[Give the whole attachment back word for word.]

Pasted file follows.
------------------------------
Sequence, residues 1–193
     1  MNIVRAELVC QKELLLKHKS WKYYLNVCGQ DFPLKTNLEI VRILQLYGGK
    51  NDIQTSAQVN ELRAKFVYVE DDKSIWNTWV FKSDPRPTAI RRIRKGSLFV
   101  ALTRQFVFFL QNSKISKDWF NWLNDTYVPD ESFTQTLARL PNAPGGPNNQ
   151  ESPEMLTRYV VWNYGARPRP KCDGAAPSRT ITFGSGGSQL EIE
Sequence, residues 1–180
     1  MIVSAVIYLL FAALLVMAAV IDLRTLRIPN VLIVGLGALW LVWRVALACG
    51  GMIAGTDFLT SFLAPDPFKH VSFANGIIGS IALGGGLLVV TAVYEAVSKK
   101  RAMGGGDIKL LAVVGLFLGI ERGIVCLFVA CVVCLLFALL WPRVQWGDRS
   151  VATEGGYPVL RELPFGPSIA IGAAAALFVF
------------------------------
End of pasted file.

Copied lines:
Sequence, residues 1–193
     1  MNIVRAELVC QKELLLKHKS WKYYLNVCGQ DFPLKTNLEI VRILQLYGGK
    51  NDIQTSAQVN ELRAKFVYVE DDKSIWNTWV FKSDPRPTAI RRIRKGSLFV
   101  ALTRQFVFFL QNSKISKDWF NWLNDTYVPD ESFTQTLARL PNAPGGPNNQ
   151  ESPEMLTRYV VWNYGARPRP KCDGAAPSRT ITFGSGGSQL EIE
Sequence, residues 1–180
     1  MIVSAVIYLL FAALLVMAAV IDLRTLRIPN VLIVGLGALW LVWRVALACG
    51  GMIAGTDFLT SFLAPDPFKH VSFANGIIGS IALGGGLLVV TAVYEAVSKK
   101  RAMGGGDIKL LAVVGLFLGI ERGIVCLFVA CVVCLLFALL WPRVQWGDRS
   151  VATEGGYPVL RELPFGPSIA IGAAAALFVF